Don’t Miss These Common Tax Credits for Seniors


Dealing with your own taxes can be incredibly daunting, so many caregivers don’t know where to start when it comes to dealing with their loved one’s financial responsibilities or whether their loved ones still have to file a return. of income.

However, a working knowledge of tax requirements for seniors can help ensure your loved ones get the credits and benefits they deserve.

Minimum requirements for tax declaration

“Individuals are considered lifetime taxpayers,” said Jo Willetts, director of tax resources for Jackson Hewitt Tax Services.

However, she notes that only people who meet the minimum reporting requirements are required to pay taxes:

“The minimum filing requirement is the standard deduction amount, including the additional amount for age for each filing status,” she said.

In 2021, the amounts are:

  • $14,250 for single people
  • $26,450 for married people filing jointly with a partner over 65
  • $27,800 for married people filing jointly and both age 65 and older
  • $20,500 for the head of household
  • $26,450 for an eligible widow or widower.

If Social Security is your loved one’s only source of income, there are usually no taxes on it. However, Willetts explains that taxpayers with self-employment income such as contracting, freelancing, consulting, or a side gig must file a return if they earned more than $400 in gross income from their business.

“Up to 85% of Social Security benefits can be taxed,” she said. “However, Social Security benefits are not taxable if single taxpayers (including head of household, single and eligible widows) have less than $25,000 in total with all taxable income plus half of their welfare benefits. social Security. The threshold for married couples filing jointly is $32,000. Married couples filing separately have two different thresholds: if they lived with a spouse during the year, 85% of their benefits are taxable; if they were not living with the spouse, their threshold is $25,000.

Willetts also notes that taxpayers are required to withdraw a minimum amount from their retirement plans and IRA accounts once they reach age 72.

“There is a 50% excise tax for not making minimum withdrawals,” she explained. “If a taxpayer falls into this category, they must either file a Form 5329 tax return alone and pay the taxes, or provide a reason why they are not subject to the penalty. Roth accounts do not require withdrawals at any time.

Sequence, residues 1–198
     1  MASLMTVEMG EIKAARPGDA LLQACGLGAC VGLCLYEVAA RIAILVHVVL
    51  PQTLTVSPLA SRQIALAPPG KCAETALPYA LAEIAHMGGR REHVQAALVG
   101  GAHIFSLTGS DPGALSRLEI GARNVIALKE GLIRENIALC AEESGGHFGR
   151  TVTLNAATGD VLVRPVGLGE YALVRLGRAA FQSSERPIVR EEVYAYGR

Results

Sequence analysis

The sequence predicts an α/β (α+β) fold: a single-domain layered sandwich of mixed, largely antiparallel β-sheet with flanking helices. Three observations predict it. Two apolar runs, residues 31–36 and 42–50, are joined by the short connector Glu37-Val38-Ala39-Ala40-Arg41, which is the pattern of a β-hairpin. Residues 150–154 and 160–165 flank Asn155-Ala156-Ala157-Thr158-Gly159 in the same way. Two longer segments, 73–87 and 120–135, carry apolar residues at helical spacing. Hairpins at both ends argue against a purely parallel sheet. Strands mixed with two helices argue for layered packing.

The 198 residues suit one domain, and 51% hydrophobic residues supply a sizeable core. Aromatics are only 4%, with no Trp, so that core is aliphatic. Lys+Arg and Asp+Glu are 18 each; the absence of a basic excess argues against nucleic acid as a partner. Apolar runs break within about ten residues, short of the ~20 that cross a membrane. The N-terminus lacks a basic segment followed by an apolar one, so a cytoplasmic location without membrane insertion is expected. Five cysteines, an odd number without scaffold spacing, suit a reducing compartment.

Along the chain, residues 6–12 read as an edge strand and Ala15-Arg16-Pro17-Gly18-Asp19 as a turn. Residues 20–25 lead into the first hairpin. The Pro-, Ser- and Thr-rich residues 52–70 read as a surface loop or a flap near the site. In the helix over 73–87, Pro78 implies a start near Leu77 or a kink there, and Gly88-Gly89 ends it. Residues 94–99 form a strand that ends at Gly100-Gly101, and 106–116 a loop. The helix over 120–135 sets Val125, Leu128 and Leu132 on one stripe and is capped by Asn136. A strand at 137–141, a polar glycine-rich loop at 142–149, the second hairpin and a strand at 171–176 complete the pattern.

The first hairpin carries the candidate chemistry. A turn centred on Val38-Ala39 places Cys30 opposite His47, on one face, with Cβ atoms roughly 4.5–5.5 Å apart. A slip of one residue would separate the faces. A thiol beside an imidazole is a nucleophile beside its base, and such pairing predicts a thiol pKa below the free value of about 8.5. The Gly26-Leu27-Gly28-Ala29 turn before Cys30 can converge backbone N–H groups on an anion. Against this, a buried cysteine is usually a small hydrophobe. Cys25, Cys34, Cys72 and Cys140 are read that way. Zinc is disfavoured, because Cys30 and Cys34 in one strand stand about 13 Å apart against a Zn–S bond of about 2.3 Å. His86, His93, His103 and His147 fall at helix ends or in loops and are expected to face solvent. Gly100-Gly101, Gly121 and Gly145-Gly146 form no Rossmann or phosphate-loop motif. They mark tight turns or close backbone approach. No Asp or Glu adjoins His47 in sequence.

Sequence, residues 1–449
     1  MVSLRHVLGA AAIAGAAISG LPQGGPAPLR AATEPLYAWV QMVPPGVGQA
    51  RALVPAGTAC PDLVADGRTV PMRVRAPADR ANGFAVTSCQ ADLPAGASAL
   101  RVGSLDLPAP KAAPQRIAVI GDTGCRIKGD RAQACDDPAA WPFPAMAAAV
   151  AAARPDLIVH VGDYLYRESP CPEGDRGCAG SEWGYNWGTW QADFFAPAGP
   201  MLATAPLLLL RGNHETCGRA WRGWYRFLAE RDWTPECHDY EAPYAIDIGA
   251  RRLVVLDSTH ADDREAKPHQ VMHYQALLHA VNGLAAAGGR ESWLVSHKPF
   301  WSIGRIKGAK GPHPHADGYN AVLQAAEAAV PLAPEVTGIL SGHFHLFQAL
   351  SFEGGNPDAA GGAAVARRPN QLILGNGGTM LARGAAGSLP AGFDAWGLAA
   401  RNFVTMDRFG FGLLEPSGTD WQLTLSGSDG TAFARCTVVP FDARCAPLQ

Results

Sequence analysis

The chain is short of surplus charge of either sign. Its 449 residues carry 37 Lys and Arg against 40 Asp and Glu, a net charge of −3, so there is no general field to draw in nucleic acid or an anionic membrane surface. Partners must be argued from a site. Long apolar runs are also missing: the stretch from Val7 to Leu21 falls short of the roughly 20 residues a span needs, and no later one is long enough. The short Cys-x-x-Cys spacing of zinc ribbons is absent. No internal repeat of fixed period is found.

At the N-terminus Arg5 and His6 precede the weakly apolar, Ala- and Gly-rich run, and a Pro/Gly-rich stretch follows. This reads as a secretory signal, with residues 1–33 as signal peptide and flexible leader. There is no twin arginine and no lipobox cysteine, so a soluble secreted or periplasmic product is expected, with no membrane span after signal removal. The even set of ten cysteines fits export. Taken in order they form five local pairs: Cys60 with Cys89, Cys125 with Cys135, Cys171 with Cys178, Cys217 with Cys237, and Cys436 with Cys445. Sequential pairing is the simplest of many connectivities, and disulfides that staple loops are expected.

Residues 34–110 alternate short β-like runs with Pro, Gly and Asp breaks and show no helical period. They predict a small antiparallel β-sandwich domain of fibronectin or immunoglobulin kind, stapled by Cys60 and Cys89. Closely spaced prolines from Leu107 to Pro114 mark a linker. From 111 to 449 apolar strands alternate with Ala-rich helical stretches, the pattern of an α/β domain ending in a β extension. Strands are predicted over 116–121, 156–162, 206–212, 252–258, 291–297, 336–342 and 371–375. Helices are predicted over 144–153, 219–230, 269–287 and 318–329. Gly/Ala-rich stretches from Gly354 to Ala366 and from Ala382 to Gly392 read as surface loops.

However, Willetts offers the following advice to circumvent this requirement:

“When you’re 70.5 or older, you can make a direct charitable contribution of your required annual distribution from your IRA,” she said. “You have to work with your plan administrator (the bank or other financial institution that holds your account), but this meets your requirement to withdraw the money and allows you to help your favorite charity tax-free !”

Tax credits for seniors

Willetts encourages seniors and their caregivers to be aware of the following credits:

  • Non-refundable credits (meaning taxpayers can only use the amount of credit needed to reduce income tax to zero):
    • The Seniors and Disability Credit is a non-refundable credit for elderly and/or disabled taxpayers with very low incomes. The maximum income for this credit has not changed for over 30 years, which makes this credit ineffective.
    • Credit for other dependents – This $500 credit covers dependents who are not eligible for the child tax credit.
    • The Saver’s Credit (Credit for Qualified Retirement Savings Contributions) is a credit of up to $1,000 to contribute to a retirement plan or IRA. The credit is reduced by account distributions and by income with no credit allowed after $66,000 (joint filers), $49,500 (head of household), or $33,000.
  • Refundable credits (meaning taxpayers can receive any excess credit as part of a refund)
    • Childless Earned Income Tax Credit – For 2021 only, the age limit of 65 is suspended and the credit is worth up to $1,502.
    • Income earned with children tax credit – There is no upper age limit for this credit and this credit is available to older parents or family members with child care . The maximum credit for 2021 is $6,728 for three or more children, $5,980 for two children and $3,618 for one child.
    • The tax credit for children with children under 18 – The maximum credit for 2021 is $3,000 or $3,600 for children under 6.
    • Child and Dependent Credit – A credit for 50% of the cost of child care if the taxpayer is still working and a spouse or older dependent needs care. This credit amounts to 35% (20% of authorized expenses and will not be refundable) from 2022.

Where to find tax help

Confused yet? Don’t worry, there are plenty of places to help.

Willetts recommends hiring a tax professional or a Tax Council for Seniors (TCE) volunteer for a local seniors program and filing electronically to keep taxpayer information secure.

“If there’s a refund, use direct deposit so no one is waiting for your refund check in your mailbox,” she said.

Willetts also notes that seniors can use IRS Form 1040-SR, which is a larger printed version of the traditional Form 1040.

The IRS offers free tax preparation for eligible taxpayers, and the TCE program offers free tax assistance, particularly for those 60 and older, and specializes in questions about pensions and income-related issues. pensions specific to the elderly. As a caregiver, you can positively impact the lives of your loved ones by ensuring they receive the tax benefits they deserve.


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